campaign event panel discussion hosted by Mayor Mike Rawlings at Adamson High School in Oak Cliff to discuss financing and investment in Dallas’ southern sector. What brought me out, in part, was Dallas Fed chair Richard Fisher, who was to speak. But I was also intrigued by the promise of looking at issues of poverty, race, and southern Dallas development within the context of the financial services industry, an important, though often overlooked, ingredient in the legacy of blight and disinvestment in the southern sector.
As Tim wrote Tuesday morning after the Cowboys loss to the Redskins, there’s no reason to freak out about a 6-2 start to the season. But at least one Cowboys fan couldn’t control his emotions after Monday’s loss. Actually, he basically tore apart his entire apartment (including ripping a kitchen counter clean off the cabinets) in a display of pure fan anguish that is surely fueled by alcohol and, frankly, kind of depressing to watch. Imagine what this guy would have done after Game Six if he was as big a Rangers fan as he is a (drunken) Cowboys fan. Deadspin has the (language NSFW) video.Full Story
Just eight days after filing for bankruptcy, former Billionaire Sam Wyly sold $320,000 worth of art at Christie’s auction house. His lawyer said the timing of the sale was inadvertent, but lawyers for the Security Exchange Commission, who successfully convicted the Dallas man for trading stocks held in offshore accounts for 13 years and reaping at least $550 million in illegal profits, say the sale of the art is evidence that Wyly is trying to liquidate his assets. The SEC filed a letter in federal court today calling for a freeze in Wyly’s assets. The namesake of Dallas’ Wyly Theater is on the hook to pay back the feds something in the $187.7 million range.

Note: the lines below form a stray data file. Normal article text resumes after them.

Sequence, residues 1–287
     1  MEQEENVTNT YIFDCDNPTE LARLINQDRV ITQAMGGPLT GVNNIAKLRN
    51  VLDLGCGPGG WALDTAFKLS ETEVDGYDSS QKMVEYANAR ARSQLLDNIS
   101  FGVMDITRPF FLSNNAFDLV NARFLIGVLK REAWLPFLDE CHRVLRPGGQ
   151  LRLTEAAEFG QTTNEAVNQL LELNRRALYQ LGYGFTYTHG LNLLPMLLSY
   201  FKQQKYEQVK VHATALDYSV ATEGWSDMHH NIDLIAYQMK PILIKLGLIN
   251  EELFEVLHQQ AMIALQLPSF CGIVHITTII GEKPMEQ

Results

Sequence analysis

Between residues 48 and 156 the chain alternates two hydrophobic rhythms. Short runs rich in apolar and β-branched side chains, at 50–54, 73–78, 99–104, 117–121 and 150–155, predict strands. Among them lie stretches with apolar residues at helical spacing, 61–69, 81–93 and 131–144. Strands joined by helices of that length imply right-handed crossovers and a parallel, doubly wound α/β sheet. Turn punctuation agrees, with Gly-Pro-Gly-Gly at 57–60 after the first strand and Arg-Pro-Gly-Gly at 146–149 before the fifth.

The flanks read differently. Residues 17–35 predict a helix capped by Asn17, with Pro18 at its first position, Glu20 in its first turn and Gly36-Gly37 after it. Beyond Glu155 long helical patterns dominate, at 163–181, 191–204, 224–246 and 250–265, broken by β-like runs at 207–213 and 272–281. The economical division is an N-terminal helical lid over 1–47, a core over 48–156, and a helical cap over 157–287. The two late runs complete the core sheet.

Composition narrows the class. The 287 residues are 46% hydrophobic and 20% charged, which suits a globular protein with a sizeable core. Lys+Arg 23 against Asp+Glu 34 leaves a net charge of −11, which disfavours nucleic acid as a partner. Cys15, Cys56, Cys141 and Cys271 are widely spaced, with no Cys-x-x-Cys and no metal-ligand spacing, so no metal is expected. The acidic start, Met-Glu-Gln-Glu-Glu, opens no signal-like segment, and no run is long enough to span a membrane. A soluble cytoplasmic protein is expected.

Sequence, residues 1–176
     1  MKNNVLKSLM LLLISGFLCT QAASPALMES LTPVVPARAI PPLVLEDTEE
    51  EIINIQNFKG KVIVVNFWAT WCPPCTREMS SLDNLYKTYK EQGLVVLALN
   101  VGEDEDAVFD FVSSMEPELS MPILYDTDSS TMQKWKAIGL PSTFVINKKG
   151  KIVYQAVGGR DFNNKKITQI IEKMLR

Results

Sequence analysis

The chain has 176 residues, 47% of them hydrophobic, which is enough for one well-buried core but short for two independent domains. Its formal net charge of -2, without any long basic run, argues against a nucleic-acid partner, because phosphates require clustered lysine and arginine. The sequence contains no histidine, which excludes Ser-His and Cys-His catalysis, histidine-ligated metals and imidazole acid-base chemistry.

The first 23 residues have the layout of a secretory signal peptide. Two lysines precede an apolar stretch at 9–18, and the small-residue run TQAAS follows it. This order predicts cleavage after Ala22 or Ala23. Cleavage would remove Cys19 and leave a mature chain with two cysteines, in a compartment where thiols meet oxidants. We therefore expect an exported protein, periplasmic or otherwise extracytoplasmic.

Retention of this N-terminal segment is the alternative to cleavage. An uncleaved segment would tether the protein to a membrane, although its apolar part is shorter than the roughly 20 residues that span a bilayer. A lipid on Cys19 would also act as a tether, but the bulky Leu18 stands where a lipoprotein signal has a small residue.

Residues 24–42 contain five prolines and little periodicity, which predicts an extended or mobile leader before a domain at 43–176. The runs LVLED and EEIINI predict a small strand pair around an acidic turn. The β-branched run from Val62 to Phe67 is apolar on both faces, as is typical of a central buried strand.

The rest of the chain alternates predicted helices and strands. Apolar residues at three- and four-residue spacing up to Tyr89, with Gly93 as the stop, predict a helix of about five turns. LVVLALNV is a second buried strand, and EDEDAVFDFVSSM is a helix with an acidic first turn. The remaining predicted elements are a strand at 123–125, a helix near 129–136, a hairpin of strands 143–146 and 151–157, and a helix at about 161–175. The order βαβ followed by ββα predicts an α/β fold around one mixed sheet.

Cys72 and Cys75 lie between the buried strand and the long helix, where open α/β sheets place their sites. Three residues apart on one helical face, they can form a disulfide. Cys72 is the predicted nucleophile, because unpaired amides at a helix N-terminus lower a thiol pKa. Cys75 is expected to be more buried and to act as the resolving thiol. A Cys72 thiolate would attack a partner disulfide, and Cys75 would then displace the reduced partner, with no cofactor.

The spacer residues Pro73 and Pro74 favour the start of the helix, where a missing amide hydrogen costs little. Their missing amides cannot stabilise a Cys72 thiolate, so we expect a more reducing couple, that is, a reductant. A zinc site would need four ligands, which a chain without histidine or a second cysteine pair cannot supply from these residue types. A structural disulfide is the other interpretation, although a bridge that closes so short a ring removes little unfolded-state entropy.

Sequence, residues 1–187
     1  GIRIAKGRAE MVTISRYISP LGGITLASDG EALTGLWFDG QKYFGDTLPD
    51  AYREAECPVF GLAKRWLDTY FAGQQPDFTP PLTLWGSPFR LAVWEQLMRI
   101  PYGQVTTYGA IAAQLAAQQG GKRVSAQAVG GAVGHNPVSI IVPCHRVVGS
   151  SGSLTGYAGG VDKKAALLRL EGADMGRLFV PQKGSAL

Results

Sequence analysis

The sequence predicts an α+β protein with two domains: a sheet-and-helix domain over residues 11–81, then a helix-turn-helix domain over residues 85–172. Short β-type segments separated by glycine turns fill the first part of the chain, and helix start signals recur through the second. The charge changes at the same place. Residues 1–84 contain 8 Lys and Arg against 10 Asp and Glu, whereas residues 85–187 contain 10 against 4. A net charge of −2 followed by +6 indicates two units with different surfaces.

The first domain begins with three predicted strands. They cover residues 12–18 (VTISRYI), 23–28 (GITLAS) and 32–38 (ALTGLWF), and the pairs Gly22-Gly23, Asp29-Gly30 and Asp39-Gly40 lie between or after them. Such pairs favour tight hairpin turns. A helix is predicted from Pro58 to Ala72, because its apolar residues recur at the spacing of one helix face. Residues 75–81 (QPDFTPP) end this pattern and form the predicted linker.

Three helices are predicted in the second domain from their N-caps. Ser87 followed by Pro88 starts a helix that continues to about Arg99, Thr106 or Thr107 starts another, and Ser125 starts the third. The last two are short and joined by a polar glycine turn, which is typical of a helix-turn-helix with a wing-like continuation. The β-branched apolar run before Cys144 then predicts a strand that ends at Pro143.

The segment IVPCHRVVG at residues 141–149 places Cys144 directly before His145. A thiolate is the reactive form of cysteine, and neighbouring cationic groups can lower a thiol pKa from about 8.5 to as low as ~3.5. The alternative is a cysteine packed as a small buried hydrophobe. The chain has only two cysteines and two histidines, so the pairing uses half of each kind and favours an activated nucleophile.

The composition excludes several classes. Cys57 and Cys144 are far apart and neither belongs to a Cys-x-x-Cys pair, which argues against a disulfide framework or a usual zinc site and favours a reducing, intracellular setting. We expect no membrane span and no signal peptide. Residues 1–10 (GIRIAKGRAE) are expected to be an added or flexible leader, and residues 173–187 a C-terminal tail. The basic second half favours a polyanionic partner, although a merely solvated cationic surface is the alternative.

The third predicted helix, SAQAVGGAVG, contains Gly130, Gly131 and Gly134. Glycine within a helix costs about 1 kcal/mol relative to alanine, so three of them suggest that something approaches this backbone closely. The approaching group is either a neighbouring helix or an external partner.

Joseph Guinto went in depth on the Wyly case back in 2013, and followed-up on the fallout from the trial back in May. Just last week, Wyly was making headlines again for trying to get a judge to loosen up his court-ordered budget of $10,000 per month. Of course, after hearing about the art sale, my first thought was, “What kind of art did Sam Wyly collect?”Full Story
You may or may not have heard that this coming spring the Congress of New Urbanism is holding its 23rd annual conference right here in DFW. Today, the group announced their keynote speaker, Jan Gehl. Gehl is an architect, author, and urban design consultant noted for his influence in pioneering the so-called “human scale” movement, advocating for the rethinking of built environments that place priority on pedestrians and cyclists. A resident of Copenhagen, he has been instrumental in that city’s emergence as a model of walkability, and he has also worked on acclaimed projects in Manhattan, London, and Melbourne, including the pedestrianization of Broadway.
Gehl’s 1971 book Life Between Buildings is considered a landmark in the field. For a taste of what he will bring to Dallas, check out this trailer for a film that explores themes and ideas contained in that book.Full Story
The stage was set: the Three Generals of the Trinity Toll Road — former City Manager Mary Suhm, former city council member Craig Holcomb, and North Central Texas Council of Governments transportation director Michael Morris — in the same room as a council member who rides bikes with Better Block’s Jason Roberts and the guy who launched the campaign to tear down I-345. And all five were going to have a moment on the mic — all in front of the rapt, gracious attention of an old-school Dallas business association. It sure felt like a potential moment.Full Story